The railroad crossing barrier had been lowered for what seemed like an eternity and my car was sandwiched between a rusty pickup behind me and a Subaru sedan ahead. There was just a scattering of “reading material” on the car in front, including an Iowa license plate and a blue plastic Chicago Cubs branded license plate frame. A light blue sticker proclaimed that one of the family’s children was an honor student. Then there was the chrome plated word “Legacy” riveted onto the trunk lid.

Why would Subaru name one of their cars “Legacy”? The name seems to be an odd choice for a motor vehicle. I suppose it’s better than naming a car after a family member like Edsel Ford. It’s too bad Mr. Ford’s legacy is associated with one of the most laughable automotive lemons of all time.

Hopefully, nobody will ever name a motor vehicle after me. What about my legacy? It will probably be different than I imagine it to be. I hope it will be a positive legacy and that people will be glad I walked the Earth. Isn’t a legacy like that what most of us desire?

I won’t be known as the inventor of handy kitchen gadgets or appliances. Nor will I be known as an infamous politician or a famous astronaut. I hope it will include being helpful in some way to others or providing comfort in times of trouble. Will I be known for my years in broadcasting or for something entirely unrelated? Whatever my legacy might be, it is a work in progress. It will depend upon how I live life and what I contribute to society.

Dad’s legacy was building roads and bridges. My own roads and bridges are not physical constructions, they’re metaphorical. Maybe I’ll be known for the detours and not the main expressway.

A great many people have lived to support the status quo or reinforcing some sort of tradition. I won’t be known for doing that. I don’t want to be put into that box. I want to be known for progress and innovation or at least having lived a positive, constructive life. However, I don’t want my eulogy to be a fabrication that puts me in a more favorable light than it should be.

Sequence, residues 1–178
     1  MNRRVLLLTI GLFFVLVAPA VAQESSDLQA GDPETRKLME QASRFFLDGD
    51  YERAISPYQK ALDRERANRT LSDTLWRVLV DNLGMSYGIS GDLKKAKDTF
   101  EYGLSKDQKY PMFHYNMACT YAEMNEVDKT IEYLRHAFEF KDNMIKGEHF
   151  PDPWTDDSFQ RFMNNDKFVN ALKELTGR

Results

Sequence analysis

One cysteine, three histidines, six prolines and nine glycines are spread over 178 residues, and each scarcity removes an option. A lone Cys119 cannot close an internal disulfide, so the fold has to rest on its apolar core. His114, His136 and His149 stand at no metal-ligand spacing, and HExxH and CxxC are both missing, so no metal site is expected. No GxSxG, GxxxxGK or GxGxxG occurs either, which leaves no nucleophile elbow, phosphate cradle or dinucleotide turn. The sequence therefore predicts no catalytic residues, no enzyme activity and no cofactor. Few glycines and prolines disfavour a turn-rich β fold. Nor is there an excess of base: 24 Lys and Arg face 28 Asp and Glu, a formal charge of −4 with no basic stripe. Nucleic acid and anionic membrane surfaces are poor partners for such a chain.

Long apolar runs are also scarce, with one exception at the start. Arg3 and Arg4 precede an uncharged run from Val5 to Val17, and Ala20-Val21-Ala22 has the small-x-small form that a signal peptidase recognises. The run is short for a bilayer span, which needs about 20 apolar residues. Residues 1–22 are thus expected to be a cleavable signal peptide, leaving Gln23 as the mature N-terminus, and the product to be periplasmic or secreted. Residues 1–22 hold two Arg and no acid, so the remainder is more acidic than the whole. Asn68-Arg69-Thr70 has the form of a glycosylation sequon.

Some seriously horrible people have had whitewashed biographies spoken at their funerals. After all, we are not supposed to speak ill of the dead. Do positive eulogies really mask authentic legacies? I don’t think so. The uplifting, patriotic words said at Joseph Stalin’s funeral failed to obscure his dreadful legacy.

Then there is the matter of my heritage. There is a goodness to it that extends back in time to my mother’s and father’s ancestors. The families were self-sacrificing, hard-working people who were motivated by hopeful dreams of the future.

They left their old homes in Germany and Sweden to build new lives in the United States. These were acts of courage. They had to overlook the xenophobic views against Germans and Swedes that prevailed in America at the time–especially the fear of Germans. They became well-adjusted, mostly happy Americans. I hope I’m adding something positive to our family names.

Do you ever walk through cemeteries? This is a good, regular practice. It doesn’t need to be a cemetery where your family or your friends’ family members were buried. There are acres upon acres of markers engraved with names and dates. When contemplating the stones and plaques, one wonders how the people lived their lives and what they left to posterity.

In one of Norfolk, Nebraska’s cemeteries, are monuments with the names of our town’s founding citizens. There are names such as Braasch and Koenigstein. Streets in the older parts of town are their namesakes. Our city is the living legacy. It’s rewarding to investigate my town’s history and come across people who had streets named after them. The naming of streets and parks after early, prominent citizens is common to most towns and cities. What interests you about your town’s history?

While it is wise to live in the present, it’s also a good idea to sometimes check in with the past and dream about the future to see where we fit in and why we are here. This helps us get unstuck from limited views of ourselves. How can we look beyond our precious years on Earth and leave something positive and good for the next generations? What will be our legacies?

The Blue Jay of Happiness quotes journalist Jake Tapper. “We often think our legacy will be our achievements. But often our legacy will be whether we set a moral standard.”

About swabby429

An eclectic guy who likes to observe the world around him and comment about those observations.
This entry was posted in Contemplation, History, Hometown and tagged , , , , . Bookmark the permalink.

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